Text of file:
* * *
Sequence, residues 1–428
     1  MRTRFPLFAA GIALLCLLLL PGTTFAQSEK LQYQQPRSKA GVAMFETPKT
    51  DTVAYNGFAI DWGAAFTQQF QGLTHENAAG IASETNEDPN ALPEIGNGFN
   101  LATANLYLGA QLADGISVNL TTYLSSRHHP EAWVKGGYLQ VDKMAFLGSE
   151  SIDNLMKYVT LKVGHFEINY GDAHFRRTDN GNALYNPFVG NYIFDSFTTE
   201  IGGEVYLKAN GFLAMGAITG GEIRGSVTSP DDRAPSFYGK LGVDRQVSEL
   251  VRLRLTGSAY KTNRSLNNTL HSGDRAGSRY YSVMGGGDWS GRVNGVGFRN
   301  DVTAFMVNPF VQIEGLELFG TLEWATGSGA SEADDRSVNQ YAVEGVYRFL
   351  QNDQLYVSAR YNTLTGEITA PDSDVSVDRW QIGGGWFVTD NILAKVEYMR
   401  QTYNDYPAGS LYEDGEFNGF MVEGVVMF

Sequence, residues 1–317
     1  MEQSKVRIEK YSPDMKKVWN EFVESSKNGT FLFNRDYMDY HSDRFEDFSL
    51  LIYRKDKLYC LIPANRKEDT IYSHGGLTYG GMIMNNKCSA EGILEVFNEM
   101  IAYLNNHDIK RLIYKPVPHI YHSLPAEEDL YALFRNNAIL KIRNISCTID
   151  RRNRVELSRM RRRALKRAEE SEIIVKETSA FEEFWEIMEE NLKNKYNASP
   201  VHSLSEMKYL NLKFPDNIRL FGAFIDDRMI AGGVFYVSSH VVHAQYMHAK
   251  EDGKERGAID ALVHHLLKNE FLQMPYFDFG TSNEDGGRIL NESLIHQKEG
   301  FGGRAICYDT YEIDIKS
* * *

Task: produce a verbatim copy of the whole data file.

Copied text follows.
Sequence, residues 1–428
     1  MRTRFPLFAA GIALLCLLLL PGTTFAQSEK LQYQQPRSKA GVAMFETPKT
    51  DTVAYNGFAI DWGAAFTQQF QGLTHENAAG IASETNEDPN ALPEIGNGFN
   101  LATANLYLGA QLADGISVNL TTYLSSRHHP EAWVKGGYLQ VDKMAFLGSE
   151  SIDNLMKYVT LKVGHFEINY GDAHFRRTDN GNALYNPFVG NYIFDSFTTE
   201  IGGEVYLKAN GFLAMGAITG GEIRGSVTSP DDRAPSFYGK LGVDRQVSEL
   251  VRLRLTGSAY KTNRSLNNTL HSGDRAGSRY YSVMGGGDWS GRVNGVGFRN
   301  DVTAFMVNPF VQIEGLELFG TLEWATGSGA SEADDRSVNQ YAVEGVYRFL
   351  QNDQLYVSAR YNTLTGEITA PDSDVSVDRW QIGGGWFVTD NILAKVEYMR
   401  QTYNDYPAGS LYEDGEFNGF MVEGVVMF

Sequence, residues 1–317
     1  MEQSKVRIEK YSPDMKKVWN EFVESSKNGT FLFNRDYMDY HSDRFEDFSL
    51  LIYRKDKLYC LIPANRKEDT IYSHGGLTYG GMIMNNKCSA EGILEVFNEM
   101  IAYLNNHDIK RLIYKPVPHI YHSLPAEEDL YALFRNNAIL KIRNISCTID
   151  RRNRVELSRM RRRALKRAEE SEIIVKETSA FEEFWEIMEE NLKNKYNASP
   201  VHSLSEMKYL NLKFPDNIRL FGAFIDDRMI AGGVFYVSSH VVHAQYMHAK
   251  EDGKERGAID ALVHHLLKNE FLQMPYFDFG TSNEDGGRIL NESLIHQKEG
   301  FGGRAICYDT YEIDIKS